Bethel to draw new school boundaries

It’s not news that our school district is in the middle of a population explosion that looks to continue for the foreseeable future.

New residents are flooding into all corners of Pierce County, but the growth is especially heavy in unincorporated areas, such as Spanaway and Graham.

Bethel’s student population has grown more than 2,000 students since our last new schools were opened in 2009. We’ve added 717 new students in the past two years alone, and demographic projections indicate that another 3,000 students will arrive in the next 10 years.

That leaves us with one question: What do we do with all of those new students?

The easy answer is to build more schools, but voters have rejected 17 bond measures in the past 21 attempts dating back to 1980. The only passed bonds in the almost 40-year timespan were in 1986, 1990, 2001 and 2006.

The failure of our most recent bonds — including November’s, which fell just 307 votes shy of the required 60% supermajority — has led district leaders to officially move on to plan b.

Some more drastic options are already on the table. Currently our Long Range Facilities Task Force is exploring alternate options to eliminate overcrowding if a bond is not passed soon. One option is a move to a multi-track, year-round school calendar in the 2020/21 school year. Bethel was a year-round district from 1974–1981, also due to failed bonds and overcrowding.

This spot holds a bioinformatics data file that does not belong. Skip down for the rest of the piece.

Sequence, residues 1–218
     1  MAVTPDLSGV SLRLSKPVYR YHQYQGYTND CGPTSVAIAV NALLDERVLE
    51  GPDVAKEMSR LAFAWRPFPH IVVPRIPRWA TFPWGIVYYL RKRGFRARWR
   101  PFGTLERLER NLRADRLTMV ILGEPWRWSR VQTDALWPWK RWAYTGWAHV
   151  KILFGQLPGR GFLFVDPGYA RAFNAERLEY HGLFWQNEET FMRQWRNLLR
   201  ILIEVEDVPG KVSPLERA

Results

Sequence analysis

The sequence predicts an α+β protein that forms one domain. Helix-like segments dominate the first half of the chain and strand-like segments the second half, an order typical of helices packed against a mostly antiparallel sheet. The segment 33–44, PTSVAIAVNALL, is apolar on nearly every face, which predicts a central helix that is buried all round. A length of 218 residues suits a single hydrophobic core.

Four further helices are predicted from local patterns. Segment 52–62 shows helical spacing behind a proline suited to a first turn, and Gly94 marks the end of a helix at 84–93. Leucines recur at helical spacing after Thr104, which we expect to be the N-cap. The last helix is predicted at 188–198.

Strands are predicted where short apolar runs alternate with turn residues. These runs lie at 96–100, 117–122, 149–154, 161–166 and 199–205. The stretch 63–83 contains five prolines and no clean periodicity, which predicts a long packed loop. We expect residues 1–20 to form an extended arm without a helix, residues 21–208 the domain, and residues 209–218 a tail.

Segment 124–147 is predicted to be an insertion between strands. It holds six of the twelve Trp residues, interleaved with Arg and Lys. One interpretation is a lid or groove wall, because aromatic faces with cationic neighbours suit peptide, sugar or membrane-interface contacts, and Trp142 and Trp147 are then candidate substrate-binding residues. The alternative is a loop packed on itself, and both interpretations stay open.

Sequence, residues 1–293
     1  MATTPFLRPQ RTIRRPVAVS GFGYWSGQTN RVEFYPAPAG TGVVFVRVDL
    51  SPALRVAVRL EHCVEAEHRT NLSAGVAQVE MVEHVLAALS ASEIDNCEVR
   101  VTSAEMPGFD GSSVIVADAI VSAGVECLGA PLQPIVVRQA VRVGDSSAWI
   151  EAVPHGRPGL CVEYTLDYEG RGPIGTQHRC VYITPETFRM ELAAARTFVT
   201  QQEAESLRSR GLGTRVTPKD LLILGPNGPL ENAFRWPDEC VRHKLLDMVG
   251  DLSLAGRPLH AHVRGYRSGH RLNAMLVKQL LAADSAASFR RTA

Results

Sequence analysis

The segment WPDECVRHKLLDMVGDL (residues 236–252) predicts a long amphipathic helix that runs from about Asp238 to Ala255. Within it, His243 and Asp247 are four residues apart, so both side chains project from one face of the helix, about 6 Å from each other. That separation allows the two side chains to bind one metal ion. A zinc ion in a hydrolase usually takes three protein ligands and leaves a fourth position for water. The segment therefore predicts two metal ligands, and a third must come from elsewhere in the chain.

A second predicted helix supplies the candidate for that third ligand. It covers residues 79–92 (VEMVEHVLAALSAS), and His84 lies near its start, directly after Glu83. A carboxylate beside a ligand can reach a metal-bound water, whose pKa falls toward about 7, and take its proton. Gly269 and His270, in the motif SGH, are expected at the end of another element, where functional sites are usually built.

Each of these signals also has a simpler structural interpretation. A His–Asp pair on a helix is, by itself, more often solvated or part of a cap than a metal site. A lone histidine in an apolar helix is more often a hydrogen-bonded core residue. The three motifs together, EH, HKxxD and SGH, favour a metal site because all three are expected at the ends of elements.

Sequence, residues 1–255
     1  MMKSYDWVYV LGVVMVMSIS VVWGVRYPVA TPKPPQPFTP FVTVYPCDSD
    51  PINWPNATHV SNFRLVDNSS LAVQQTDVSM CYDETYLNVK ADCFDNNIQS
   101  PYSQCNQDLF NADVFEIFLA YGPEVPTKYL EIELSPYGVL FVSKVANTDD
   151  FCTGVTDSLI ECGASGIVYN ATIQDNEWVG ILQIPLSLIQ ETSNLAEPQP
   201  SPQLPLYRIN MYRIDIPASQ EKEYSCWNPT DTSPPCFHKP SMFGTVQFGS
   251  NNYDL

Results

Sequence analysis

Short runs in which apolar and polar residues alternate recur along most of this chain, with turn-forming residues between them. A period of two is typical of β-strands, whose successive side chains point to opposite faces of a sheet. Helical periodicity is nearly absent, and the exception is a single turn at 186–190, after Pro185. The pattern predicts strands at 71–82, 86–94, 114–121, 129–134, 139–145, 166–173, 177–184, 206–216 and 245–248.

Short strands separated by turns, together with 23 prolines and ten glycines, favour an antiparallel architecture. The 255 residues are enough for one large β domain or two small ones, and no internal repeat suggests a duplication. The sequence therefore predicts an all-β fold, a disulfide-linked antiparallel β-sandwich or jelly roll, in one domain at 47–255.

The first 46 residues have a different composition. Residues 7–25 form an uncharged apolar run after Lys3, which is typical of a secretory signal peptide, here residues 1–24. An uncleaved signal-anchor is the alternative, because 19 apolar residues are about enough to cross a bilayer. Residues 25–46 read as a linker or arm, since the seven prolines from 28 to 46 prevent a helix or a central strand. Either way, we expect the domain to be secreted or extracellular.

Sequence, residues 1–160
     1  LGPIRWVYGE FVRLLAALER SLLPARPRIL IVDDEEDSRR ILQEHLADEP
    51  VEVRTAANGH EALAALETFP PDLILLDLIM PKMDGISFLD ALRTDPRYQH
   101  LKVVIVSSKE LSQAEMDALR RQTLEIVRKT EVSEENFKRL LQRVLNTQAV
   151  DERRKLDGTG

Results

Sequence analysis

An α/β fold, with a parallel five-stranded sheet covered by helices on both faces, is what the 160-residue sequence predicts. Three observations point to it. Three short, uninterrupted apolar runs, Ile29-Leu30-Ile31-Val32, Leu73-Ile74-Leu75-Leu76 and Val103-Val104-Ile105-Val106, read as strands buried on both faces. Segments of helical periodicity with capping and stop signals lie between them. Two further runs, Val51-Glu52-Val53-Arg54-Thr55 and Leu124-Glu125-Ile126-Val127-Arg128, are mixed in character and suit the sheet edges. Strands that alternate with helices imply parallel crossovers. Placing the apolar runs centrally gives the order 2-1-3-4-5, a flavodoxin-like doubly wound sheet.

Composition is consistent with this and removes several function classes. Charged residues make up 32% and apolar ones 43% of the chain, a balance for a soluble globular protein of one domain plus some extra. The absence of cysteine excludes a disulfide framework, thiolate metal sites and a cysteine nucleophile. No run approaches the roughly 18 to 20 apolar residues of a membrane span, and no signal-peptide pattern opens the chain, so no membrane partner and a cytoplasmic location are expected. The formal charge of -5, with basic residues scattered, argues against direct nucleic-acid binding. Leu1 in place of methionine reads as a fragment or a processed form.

Deciding to redraw school boundaries was not a decision our board took lightly. Asking families to move their children to a new school — which will be the case for many families — is not something anyone is looking forward to, but the hard truth is that it is needed in order to accommodate our growing student population.

Our last reboundary was in 2013, and more than 1,000 new students have arrived in the district since then, which has created an imbalance in our schools.

After coming so close in November, the board decided to put up another bond in February. The February bond is very similar to the bond voters saw in November. There are a few small changes based on community feedback, but the overall cost is the same. If approved, the bond would build three brand new schools, including a brand new Bethel High School. It would also renovate and expand six of our other schools, including a new wing on Graham-Kapowsin High School.

Passing a bond will solve many of our longterm growth problems, but school boundaries will be redrawn in 2019 no matter what happens in February. If the November bond fails, the district will likely continue to have to redraw the boundaries more frequently to juggle new students that are moving into the district at a record pace.

Before redrawing any school boundaries, the School Board will take input from parents, teachers and community members.

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